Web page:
I have a testimony not meant for a blog, but the Lord once asked me to pray for someone who had seriously injured me.  It seemed like an unreasonable request, considering the pain this person had caused me, and although I initially argued with God (in the pew at church), I eventually gave in.  Once I did, I was lifted of a burden in a way I never could have imagined.

The Lord freed ME of anger…freed ME of unforgiveness…freed ME of pain and bitterness.  I am much more equipped to forgive now than I was before, and I am so thankful for the freedom the Lord gave me when I trusted Him enough to do as He commanded. 

We cannot control what the people around us do.  All we can control is what we choose to do.  We can choose to trust the Lord enough to follow His Word and do as He commanded.

Just like He showed me…there are great rewards in store when we do!

Give it a shot!

jamie

Love your Enemies, part 3

Love your Enemies, part 4

 

 

Compassion comes from pain

When John the Baptist was beheaded, Jesus was sad and wanted to go away with his disciples to a quiet a place for rest.  However, the multitudes followed them.  The Word says that Jesus was moved with compassion for them.

When we are hurt, grieving, disappointed, sad, or in pain, our natural reaction is usually to retreat for a little quiet time or rest.  The truth is; however, that there is not a time when we can feel more compassion for others who are hurting.

Sometimes we don’t understand the pain or hurt in our lives, but God does.  He has a plan for our lives.  He has a plan for others around us.  Although none of us want to be in pain, if that pain is what gives us compassion, then it can be used for good.

We can use our pain to feel for the pain others carry.  We can then minister to them, as God’s hands and feet.  We can lift their needs, that we understand, up to the One who heals, comforts, and delivers.

Let’s let Him use our pain for something good!  Watching someone else’s pain subside sure helps ease mine just a bit.

Reach out,

jamie

All you need is love

Pr. 2:6:  “For the Lord gives wisdom; from His mouth come knowledge and understanding.”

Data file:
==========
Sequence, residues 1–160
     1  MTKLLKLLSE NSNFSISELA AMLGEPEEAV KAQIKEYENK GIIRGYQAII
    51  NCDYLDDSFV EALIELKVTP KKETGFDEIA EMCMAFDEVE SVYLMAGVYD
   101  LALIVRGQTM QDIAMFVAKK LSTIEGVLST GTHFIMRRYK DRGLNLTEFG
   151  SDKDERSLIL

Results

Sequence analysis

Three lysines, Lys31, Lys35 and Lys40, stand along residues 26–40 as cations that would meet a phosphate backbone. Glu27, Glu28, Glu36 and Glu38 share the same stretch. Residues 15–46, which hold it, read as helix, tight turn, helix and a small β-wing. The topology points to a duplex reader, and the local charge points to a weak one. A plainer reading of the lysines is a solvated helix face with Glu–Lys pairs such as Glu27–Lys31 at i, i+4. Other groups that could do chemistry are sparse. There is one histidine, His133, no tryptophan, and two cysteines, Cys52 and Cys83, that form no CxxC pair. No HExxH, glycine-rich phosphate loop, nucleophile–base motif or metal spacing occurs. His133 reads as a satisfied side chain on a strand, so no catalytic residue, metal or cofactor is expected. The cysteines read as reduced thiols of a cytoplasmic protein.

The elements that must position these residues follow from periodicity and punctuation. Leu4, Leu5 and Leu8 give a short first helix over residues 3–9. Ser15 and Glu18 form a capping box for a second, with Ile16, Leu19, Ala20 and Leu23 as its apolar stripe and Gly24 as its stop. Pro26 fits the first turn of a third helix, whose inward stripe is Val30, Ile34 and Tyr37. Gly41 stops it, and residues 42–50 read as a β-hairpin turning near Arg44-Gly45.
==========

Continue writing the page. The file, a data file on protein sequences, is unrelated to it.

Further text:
My mom and I were talking about love yesterday.  Perhaps that is what caused this dream I had last night.

I was in an old school building and there was an evil woman forming in the wall.  I was with a group and as we were waiting for the moment for her to form, I flashed back to the last time she had come.  We had tried to defeat her with battle, but apparently had not won.  She had turned some of our group into animals and although she had gone away for a time, she was now forming again.

A man and I gathered some of our loved ones that had turned to animals and hid in a closet, blocking the door, and preparing to fight again.  As we were waiting, I realized that fighting was not the answer.  The answer was love.

I opened the door, and as the evil one approached, instead of striking out at her, I began speaking love.  We all sat around her, and I reminded her of the good in her.  I told her why she was special.  I spoke lovingly of the things about her that were uniquely created, and about why I loved her.

As I spoke, she was motionless; unable to move in the presence of my love.  Her face began changing and eventually I could tell that she was free.  There was nothing dark or evil about her any longer.  She smiled and everyone cheered.  That’s my last memory of the dream.

As evil takes form in our world, and turns some of our loved ones to ‘animals’, and as we stand in the face of things that seems scary, I believe the same answer holds true.

Do we need to strike out at others?  Is it best that we prove our point?  Do we need to attack people with the Word or our opinions of the Word?  Is aggression towards sinners the answer?  I don’t think so.